The British government on Tuesday released a COVID-19 Autumn and Winter Plan, outlining the possible measures and restrictions the country may see towards the end of this year.
The plan, unveiled by British Prime Minister Boris Johnson, said there is "significant uncertainty" about what will happen later this year and there is a "plausible" risk of cases rising to an extent that would place the National Health Service (NHS) under "unsustainable pressure".
Vaccine passports and the legally mandated wearing of face masks are part of a "Plan B" drawn up to tackle COVID this winter if the NHS comes under unsustainable pressure, in addition to the "Plan A" - promoting vaccines and continuing testing and isolation rules.
Johnson said "Plan B", with measures including face masks, would aim to prevent the NHS being overwhelmed.
Asked in what circumstances would he consider moving from Plan A to the stricter Plan B, the prime minister said he would consider the risks and state of the disease through real-time data.
Johnson said the vaccine programme is being intensified and the government is "motoring ahead" with the booster program. This will build even higher walls of vaccine protection, he said.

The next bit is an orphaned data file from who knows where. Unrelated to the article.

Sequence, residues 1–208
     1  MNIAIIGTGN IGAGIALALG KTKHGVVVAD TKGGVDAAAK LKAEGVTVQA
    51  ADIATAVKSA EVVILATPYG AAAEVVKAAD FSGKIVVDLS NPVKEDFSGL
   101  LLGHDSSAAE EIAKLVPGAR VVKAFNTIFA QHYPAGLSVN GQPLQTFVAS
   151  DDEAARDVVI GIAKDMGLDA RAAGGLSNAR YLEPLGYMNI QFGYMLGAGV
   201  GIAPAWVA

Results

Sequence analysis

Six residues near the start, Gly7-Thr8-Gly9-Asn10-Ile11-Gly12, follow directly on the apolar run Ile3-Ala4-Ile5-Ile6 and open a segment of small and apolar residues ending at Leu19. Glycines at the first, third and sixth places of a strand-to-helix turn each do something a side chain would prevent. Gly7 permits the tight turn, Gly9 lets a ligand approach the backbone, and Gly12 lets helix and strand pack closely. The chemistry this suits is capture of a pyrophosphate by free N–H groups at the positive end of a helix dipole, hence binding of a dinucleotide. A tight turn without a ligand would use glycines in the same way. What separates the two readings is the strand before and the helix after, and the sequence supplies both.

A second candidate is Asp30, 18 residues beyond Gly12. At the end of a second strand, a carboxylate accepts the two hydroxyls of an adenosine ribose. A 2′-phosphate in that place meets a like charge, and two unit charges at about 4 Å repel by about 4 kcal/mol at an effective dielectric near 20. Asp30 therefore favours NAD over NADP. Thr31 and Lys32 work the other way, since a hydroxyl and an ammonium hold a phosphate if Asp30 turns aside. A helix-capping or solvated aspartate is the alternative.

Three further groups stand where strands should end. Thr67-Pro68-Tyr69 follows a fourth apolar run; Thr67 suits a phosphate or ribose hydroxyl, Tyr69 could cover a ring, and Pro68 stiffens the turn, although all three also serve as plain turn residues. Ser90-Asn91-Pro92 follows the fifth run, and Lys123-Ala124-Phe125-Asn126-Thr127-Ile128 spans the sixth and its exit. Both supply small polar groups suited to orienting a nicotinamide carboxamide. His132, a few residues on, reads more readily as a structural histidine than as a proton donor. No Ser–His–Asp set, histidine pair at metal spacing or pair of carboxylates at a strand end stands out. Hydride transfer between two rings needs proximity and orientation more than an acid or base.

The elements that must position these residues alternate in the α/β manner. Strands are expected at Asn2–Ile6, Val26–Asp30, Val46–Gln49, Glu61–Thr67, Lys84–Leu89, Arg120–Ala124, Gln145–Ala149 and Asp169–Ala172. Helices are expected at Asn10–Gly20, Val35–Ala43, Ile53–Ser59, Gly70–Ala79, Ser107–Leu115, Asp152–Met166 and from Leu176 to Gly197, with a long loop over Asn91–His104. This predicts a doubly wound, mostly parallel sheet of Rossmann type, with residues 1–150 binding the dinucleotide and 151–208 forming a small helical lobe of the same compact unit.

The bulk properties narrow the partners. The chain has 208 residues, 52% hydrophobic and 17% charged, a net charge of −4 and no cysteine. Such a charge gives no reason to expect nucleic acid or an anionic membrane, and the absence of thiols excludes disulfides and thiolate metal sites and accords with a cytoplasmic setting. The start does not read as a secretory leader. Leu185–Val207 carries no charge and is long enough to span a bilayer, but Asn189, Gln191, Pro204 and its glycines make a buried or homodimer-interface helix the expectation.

Earlier Tuesday, the British government announced that booster COVID-19 jabs will be offered to people aged 50 and over, those in care homes, and frontline health and social care workers. Chief medical officers of Britain's all four nations confirmed on Monday that children aged 12 to 15 will be offered the COVID-19 vaccine.
"The winter plan for COVID-19 serves as a warning about the way that we control the virus 18 months after the pandemic first hit. Rolling out the best line of defence, in the form of vaccine boosters and jabs for younger teenagers continues to put the emphasis on 'COVID, but not too badly'," said Simon Clarke, associate professor in cellular microbiology at the University of Reading.
More than 89 percent of people aged 16 and over in Britain have had their first dose of vaccine and more than 81 percent have received both doses, the latest figures showed.
To bring life back to normal, countries such as Britain, China, Germany, Russia and the United States have been racing against time to roll out coronavirus vaccines.